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Help fight cancer

The B.C. Cancer Agency is hoping an hour's worth of your time will turn into a generation's worth of invaluable research data.

The B.C. Cancer Agency is hoping an hour's worth of your time will turn into a generation's worth of invaluable research data. Representatives from the agency were in Coquitlam Wednesday to open up a temporary assessment centre on Clarke Road, where local residents - including those from New Westminster - can volunteer to be a part of the largest cancer prevention study in Canadian history.

Dubbed the B.C. Generations Project, the wide-reaching study is aimed at residents between the ages of 35 and 69, regardless of health, race or sex.

Those who sign up for the project will be asked to produce both blood and urine samples, on top of filling out a questionnaire, to better understand how lifestyle choices, genetics and environmental factors interact to cause chronic diseases.

"This is something that's going to provide data not just for one researcher for tomorrow, but this is going to be available to researchers for the next 25 years," said Dr. John Spinelli, the principal investigator behind the project. "And it's going to benefit your children, your neighbours, and, in fact, all Canadians will benefit from this."

Intended to serve the Tri-Cities, New Westminster and Burnaby, the assessment centre will be open for about a month at its location at Unit 552C 526 Clarke Rd.

The Coquitlam centre will be the fourth location funded by the B.C. Cancer Foundation this year.

"This project is looking at the population that doesn't have cancer at the current time, and hopefully we'll be able to see what changes are going on in those individuals over time who develop cancer," said Douglas Nelson, president and CEO of the B.C. Cancer Foundation. "That's what's going to allow us to be much better at early detection and prevention."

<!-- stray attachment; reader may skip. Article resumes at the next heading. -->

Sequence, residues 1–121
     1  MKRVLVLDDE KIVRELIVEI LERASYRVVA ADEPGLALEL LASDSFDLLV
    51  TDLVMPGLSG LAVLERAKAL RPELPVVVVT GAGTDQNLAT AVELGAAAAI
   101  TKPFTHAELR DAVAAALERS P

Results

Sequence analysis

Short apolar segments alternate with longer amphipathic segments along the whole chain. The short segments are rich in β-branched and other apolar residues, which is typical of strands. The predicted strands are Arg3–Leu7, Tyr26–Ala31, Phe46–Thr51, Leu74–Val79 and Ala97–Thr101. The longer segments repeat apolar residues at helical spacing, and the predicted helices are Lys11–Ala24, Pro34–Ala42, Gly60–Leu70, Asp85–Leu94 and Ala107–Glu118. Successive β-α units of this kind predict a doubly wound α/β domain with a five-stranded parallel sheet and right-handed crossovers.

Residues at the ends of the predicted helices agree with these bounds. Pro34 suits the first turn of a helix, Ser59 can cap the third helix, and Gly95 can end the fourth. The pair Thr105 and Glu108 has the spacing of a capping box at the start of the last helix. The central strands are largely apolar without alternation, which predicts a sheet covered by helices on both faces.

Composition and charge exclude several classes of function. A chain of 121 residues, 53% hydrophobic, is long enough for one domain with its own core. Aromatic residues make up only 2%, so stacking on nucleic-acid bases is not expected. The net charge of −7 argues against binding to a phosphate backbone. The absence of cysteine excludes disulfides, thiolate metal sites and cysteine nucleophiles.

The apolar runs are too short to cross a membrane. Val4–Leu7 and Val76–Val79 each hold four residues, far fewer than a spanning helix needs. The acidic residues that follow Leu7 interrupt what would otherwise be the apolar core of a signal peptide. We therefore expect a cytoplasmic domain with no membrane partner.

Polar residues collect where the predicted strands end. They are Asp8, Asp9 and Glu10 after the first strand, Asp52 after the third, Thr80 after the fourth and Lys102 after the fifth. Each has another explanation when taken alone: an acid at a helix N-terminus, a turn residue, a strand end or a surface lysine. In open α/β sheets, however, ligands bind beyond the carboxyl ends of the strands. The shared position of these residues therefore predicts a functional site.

According to Spinelli, those interested in donating their time will need only about a half-hour to do so. The process first involves signing off on consent forms before blood and urine samples are taken, and in some cases, other measurements and data will be collected. From there, questionnaires outlining lifestyle choices and medical history are given to the volunteers, who can return them at a later date.

Spinelli noted that researchers will follow up with volunteers on a yearly basis to see if anything has changed over the course of that year - whether it be a change of address or a change in health.

"I won't say it's a lifetime commitment, but almost," Spinelli said.

"We will be in regular contact with our participants, and we'll be asking them additional questions because you can't ask everything at once."

It was initially hoped 40,000 B.C. residents would be on board with the volunteer campaign by March 2012, although as of now, only about 13,000 have signed up.

Despite that fact, Spinelli suggested that timeline will likely be extended. As for privacy concerns, Nelson noted that all data collected is completely anonymous.

"When researchers are looking at (the data), they won't know the person's name, so the data is anonymous," he said. "And people do get information about their own health that they can take away with them and have a discussion with their doctors, so there is some value there."

The B.C. Generations Project is part of a larger national research effort called the Canadian Partnership for Tomorrow Project. That project has the same goals as found in the B.C. context, and researchers will share data to compare more broadbased trends as the study moves forward.

See for more information.